Take Action


Inaccessibility to spaces has ripple effects on some people’s ability to access jobs, education, housing, and various services and other social activities. While for the able-bodied the built environment’s structural obstacles are mere inconveniences, for others they can determine life opportunities. 

As we collectively return to the ‘new normal’, we can choose to retrofit our cities so they embody more and more inclusive and accessible spaces.

Who will benefit from these retrofitted spaces?

The Invisible Consequences of Inaccessibility

Imagine getting accepted into one of the seven prominent universities in Montreal but not being able to actually get there easily, simply because one or all of the access points of a metro station close to these seven universities do not have an escalator from the Platform to the Ground.
Only one university has a station closeby that has several elevators (Berri-UQAM). The Montreal metro stations, designed for the able-bodied, fail to take into account the opportunity costs of such an inaccessible system for those with reduced mobility. Many individuals pay the full $85 a month to access the metro, yet are only able to use a fraction of the stations, and with the added fees of pain, struggle, and extra time.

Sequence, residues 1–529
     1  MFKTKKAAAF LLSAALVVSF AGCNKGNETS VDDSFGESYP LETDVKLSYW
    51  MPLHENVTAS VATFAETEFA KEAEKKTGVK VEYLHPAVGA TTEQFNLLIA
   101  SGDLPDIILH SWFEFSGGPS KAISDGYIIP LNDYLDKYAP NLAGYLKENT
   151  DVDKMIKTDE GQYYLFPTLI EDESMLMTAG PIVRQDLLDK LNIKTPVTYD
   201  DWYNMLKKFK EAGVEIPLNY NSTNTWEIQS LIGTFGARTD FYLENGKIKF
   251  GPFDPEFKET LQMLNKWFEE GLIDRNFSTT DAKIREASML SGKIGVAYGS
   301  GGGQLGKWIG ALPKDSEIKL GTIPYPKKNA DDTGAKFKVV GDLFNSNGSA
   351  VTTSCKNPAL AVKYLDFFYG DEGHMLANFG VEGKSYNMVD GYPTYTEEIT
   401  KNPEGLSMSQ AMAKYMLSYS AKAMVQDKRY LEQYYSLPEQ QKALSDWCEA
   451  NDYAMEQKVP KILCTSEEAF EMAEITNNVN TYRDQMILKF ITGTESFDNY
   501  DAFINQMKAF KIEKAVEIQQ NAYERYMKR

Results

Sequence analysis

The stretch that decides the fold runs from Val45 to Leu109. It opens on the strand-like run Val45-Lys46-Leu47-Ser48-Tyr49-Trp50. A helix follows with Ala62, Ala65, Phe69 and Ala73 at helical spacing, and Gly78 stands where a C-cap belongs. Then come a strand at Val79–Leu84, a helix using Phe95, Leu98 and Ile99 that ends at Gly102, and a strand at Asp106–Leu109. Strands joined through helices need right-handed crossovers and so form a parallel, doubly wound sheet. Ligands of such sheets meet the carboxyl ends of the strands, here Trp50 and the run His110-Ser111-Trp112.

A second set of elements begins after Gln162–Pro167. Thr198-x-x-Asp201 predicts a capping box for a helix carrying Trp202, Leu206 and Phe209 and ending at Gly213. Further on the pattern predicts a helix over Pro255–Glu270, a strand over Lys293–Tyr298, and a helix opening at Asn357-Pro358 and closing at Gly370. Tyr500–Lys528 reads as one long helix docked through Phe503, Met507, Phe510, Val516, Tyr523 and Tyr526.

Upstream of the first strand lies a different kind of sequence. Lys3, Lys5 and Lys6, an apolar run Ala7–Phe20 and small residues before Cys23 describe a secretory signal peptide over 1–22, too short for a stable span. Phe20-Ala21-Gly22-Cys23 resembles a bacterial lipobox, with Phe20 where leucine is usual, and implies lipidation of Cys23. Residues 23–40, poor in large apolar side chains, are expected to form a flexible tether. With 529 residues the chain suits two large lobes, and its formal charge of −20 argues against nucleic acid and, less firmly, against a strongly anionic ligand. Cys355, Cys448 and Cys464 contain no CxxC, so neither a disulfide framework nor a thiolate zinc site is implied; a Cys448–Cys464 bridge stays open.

On the other hand, the Singapore and Washington DC metro systems provide examples of how Montreal could design its transit system for universal accessibility. Further, there are technologies which can help promote accessibility. For example, a hearing loop (a special sound system for people with hearing aids) could be implemented in metro stations to aid with auditory impairment or deaf individuals. 
Achieving universal accessibility requires reshaping the way we think about mobility and transportation in cities – that means redefining who gets called into the conversation and implementation as we redesign and retrofit our cities.

Accessibility in our built environment goes beyond ramps and elevators, which are important usually to enter and exit a space.

What else can create a barrier-filled experience?

Click on the photos to see how our spaces can present obstacles for people with reduced mobility.

Join us.

We help communities review their city's accessibility challenges and offer user-centered solutions to promote equitable access to urban space for all.